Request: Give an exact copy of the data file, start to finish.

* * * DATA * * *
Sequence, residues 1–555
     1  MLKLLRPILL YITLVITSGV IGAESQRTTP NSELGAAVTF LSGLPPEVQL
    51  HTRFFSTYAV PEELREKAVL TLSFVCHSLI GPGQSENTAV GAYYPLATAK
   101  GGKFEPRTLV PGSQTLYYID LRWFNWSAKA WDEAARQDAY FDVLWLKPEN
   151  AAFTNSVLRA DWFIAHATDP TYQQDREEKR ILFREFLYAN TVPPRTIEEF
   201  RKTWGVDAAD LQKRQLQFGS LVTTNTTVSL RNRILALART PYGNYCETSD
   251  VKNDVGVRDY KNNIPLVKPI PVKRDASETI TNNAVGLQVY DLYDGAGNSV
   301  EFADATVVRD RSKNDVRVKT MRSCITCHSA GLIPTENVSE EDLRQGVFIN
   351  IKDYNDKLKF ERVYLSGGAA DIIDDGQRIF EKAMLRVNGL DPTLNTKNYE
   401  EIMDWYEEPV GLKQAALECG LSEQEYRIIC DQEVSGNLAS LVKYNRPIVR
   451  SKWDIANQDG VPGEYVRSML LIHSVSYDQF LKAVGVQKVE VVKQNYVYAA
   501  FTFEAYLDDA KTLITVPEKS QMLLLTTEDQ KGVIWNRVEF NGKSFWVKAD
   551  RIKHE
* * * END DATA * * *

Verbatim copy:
Sequence, residues 1–555
     1  MLKLLRPILL YITLVITSGV IGAESQRTTP NSELGAAVTF LSGLPPEVQL
    51  HTRFFSTYAV PEELREKAVL TLSFVCHSLI GPGQSENTAV GAYYPLATAK
   101  GGKFEPRTLV PGSQTLYYID LRWFNWSAKA WDEAARQDAY FDVLWLKPEN
   151  AAFTNSVLRA DWFIAHATDP TYQQDREEKR ILFREFLYAN TVPPRTIEEF
   201  RKTWGVDAAD LQKRQLQFGS LVTTNTTVSL RNRILALART PYGNYCETSD
   251  VKNDVGVRDY KNNIPLVKPI PVKRDASETI TNNAVGLQVY DLYDGAGNSV
   301  EFADATVVRD RSKNDVRVKT MRSCITCHSA GLIPTENVSE EDLRQGVFIN
   351  IKDYNDKLKF ERVYLSGGAA DIIDDGQRIF EKAMLRVNGL DPTLNTKNYE
   401  EIMDWYEEPV GLKQAALECG LSEQEYRIIC DQEVSGNLAS LVKYNRPIVR
   451  SKWDIANQDG VPGEYVRSML LIHSVSYDQF LKAVGVQKVE VVKQNYVYAA
   501  FTFEAYLDDA KTLITVPEKS QMLLLTTEDQ KGVIWNRVEF NGKSFWVKAD
   551  RIKHE